Home > The Sudden Appearance of Hope

The Sudden Appearance of Hope
Claire North

Chapter 1

They said, when they died, that all they could hear was the screaming.

I run ink across the page, watch the world through the windows of the train, grey clouds over Scotland, and though the screaming continues still, it does not bother me. Not any more.

I write this to be remembered. Will you judge me, in reading this? Who are you? Liar, cheat, lover, thief, husband, wife, mother, daughter, friend, enemy, policeman, doctor, teacher, child, killer, priest? I find myself almost more excited by you than I am by myself, whoever you might be.

Whoever you are: these are my words.

This is my truth.

Listen, and remember me.

Chapter 2

The world began to forget me when I was sixteen years old.

A slow declining, one piece at a time.

My dad, forgetting to drive me to school.

My mum, setting the table for three, not four. “Oh,” she said, when I walked in. “I must have thought you were out.”

A teacher, Miss Tomas, the only one in the school who cared, full of faith in her pupils, hope for their futures, forgets to chase the missing homework, to ask the questions, to listen to the answers, until, finally, I didn’t bother to put up my hand.

Friends, five who were the heart of my life, who I always sat with, and who one day sat at another table, not dramatically, not with “fuck you” flair, but because they looked straight through me and saw a stranger.

A disassociation between name and face as the register is called. My name is remembered, but the link is broken; what is Hope Arden? A scrawl of ink without a past; no more.

First you forget my face, then my voice, and at last, slowly, you forget my consequences. I slapped Alan, my best mate, the day he forgot me. He ran from the room, horrified, and I ran after him, red with guilt. By the time I found him, he was sitting in the corridor of the science block, cheek flushed, rubbing at his face.

“You okay?” I asked.

“Yeah,” he replied. “Face hurts a bit.”

“I’m sorry.”

“It’s okay; not like you did nothing.”

He looked at me like a stranger, but there were tears in his eyes when he spoke. What did he remember then? Not me, not Hope Arden, the girl he’d grown up with. Not my palm across his face, not my screaming until the spit flew, remember me, remember me. His pain was diminishing, taking with it memory. He experienced sorrow, rage, fear, these emotions glimmered in his eyes, but where were they from? He no longer knew, and the memory of me crumbled like sand castles before the sea.

Chapter 3

This is not a story of being forgotten.

As memory of me faded, so did a part of myself. Whoever that Hope Arden is who laughs with her friends, smiles with her family, flirts with her lover, resents her boss, triumphs with her colleagues – she ceased to exist, and it has been surprising for me to discover just how little of me is left behind, when all that is stripped away.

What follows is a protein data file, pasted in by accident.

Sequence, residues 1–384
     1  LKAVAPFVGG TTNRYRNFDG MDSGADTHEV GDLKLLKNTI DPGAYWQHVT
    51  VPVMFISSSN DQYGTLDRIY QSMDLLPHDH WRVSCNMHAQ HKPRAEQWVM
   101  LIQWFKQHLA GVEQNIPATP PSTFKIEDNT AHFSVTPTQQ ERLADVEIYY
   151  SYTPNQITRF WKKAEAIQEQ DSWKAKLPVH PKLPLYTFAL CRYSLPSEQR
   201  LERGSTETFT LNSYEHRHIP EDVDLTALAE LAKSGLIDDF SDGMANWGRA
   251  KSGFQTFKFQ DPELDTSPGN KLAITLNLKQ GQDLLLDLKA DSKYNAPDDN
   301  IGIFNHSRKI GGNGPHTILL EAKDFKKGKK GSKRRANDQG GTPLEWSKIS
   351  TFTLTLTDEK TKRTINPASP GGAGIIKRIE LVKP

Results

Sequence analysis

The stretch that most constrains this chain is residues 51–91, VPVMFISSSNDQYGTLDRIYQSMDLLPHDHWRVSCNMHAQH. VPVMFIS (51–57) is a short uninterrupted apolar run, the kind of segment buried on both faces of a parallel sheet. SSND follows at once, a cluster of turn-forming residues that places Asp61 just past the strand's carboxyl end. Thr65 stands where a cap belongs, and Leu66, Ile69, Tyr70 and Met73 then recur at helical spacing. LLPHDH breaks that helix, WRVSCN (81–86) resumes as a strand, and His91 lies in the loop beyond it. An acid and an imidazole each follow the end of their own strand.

If words on the page are the only part of me that can be remembered, and I am to write something which will survive when I am gone, it should matter.

A story of Perfection, then.

For you, it begins in Venice. That was certainly the first time the world became aware of what it was. But for me, and the part I was to play in it, the story began earlier, in Dubai, the day Reina bint Badr al Mustakfi killed herself in her hotel room on the seventh floor of the Burj al Arab Jumeirah.

Because the room cost £830 a night, and because it was clearly a suicide and thus a social faux pas, the body was rushed out of the service door within hours of discovery. A Nepalese cleaning lady was sent in to scrub at the worst of the stains, but Reina had been helpful in slitting her femoral artery in a hot bath, and thus only a few towels and the bath mat needed to be burned.

I found out she was dead because her cousin, Leena, kept on screaming. Not crying – just screaming. In later tellings of these events, she would not say the words, “My cousin Reina killed herself, and this is why” but instead, “My cousin Reina killed herself, and I’ve never recovered from the blow.”

I didn’t like Leena much. It made it a lot easier to steal from her.

I liked Reina. She didn’t know that we were friends, but that’s okay – I don’t mind these things.

I broke into the morgue where they’d taken Reina’s body, a false name on the tag around her toe, skin as grey as the steel bed she lay on. I riffled through the clothes they’d stripped from her, flicked through a notebook of curious ideas and comments on passers-by, found myself in the descriptions there: Woman, skin like milk in coffee, deep, diluted. Pink headscarf, very close-trimmed nails, stands tall, bag in her left hand, looks at everyone without shame, doesn’t care that people stare.

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